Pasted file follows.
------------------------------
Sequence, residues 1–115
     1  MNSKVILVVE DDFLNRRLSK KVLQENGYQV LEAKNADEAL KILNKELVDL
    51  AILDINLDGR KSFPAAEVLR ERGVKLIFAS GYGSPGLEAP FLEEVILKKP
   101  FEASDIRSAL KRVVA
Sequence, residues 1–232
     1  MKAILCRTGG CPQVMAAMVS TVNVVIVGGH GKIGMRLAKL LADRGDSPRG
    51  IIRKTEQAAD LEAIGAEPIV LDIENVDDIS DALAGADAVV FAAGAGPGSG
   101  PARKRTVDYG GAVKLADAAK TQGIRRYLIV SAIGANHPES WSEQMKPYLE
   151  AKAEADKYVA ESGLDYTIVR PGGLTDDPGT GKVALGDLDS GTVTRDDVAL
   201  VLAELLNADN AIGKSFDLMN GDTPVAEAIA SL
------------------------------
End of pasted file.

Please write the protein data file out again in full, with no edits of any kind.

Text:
Sequence, residues 1–115
     1  MNSKVILVVE DDFLNRRLSK KVLQENGYQV LEAKNADEAL KILNKELVDL
    51  AILDINLDGR KSFPAAEVLR ERGVKLIFAS GYGSPGLEAP FLEEVILKKP
   101  FEASDIRSAL KRVVA
Sequence, residues 1–232
     1  MKAILCRTGG CPQVMAAMVS TVNVVIVGGH GKIGMRLAKL LADRGDSPRG
    51  IIRKTEQAAD LEAIGAEPIV LDIENVDDIS DALAGADAVV FAAGAGPGSG
   101  PARKRTVDYG GAVKLADAAK TQGIRRYLIV SAIGANHPES WSEQMKPYLE
   151  AKAEADKYVA ESGLDYTIVR PGGLTDDPGT GKVALGDLDS GTVTRDDVAL
   201  VLAELLNADN AIGKSFDLMN GDTPVAEAIA SL